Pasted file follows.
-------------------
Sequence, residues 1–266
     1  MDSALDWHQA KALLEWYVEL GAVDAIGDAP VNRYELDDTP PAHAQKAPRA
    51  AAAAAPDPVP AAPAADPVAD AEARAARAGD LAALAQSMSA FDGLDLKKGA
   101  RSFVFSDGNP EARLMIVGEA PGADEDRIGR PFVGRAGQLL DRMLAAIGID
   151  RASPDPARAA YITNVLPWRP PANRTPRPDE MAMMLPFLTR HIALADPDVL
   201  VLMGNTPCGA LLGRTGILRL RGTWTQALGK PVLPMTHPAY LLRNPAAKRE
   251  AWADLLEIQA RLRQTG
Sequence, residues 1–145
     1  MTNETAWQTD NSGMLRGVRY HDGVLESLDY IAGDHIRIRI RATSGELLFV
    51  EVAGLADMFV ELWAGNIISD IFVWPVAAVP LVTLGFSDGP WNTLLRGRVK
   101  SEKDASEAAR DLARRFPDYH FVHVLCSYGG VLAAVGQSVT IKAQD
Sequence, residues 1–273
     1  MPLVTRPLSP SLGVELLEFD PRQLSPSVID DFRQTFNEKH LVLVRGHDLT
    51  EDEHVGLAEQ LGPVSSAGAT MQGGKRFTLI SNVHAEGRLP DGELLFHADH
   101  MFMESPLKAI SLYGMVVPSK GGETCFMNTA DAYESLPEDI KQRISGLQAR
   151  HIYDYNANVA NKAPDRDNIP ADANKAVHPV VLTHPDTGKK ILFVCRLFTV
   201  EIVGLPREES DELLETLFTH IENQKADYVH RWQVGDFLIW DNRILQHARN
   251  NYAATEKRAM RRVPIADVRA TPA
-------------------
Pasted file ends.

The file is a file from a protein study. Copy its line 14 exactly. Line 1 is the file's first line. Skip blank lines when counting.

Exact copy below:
    51  EDEHVGLAEQ LGPVSSAGAT MQGGKRFTLI SNVHAEGRLP DGELLFHADH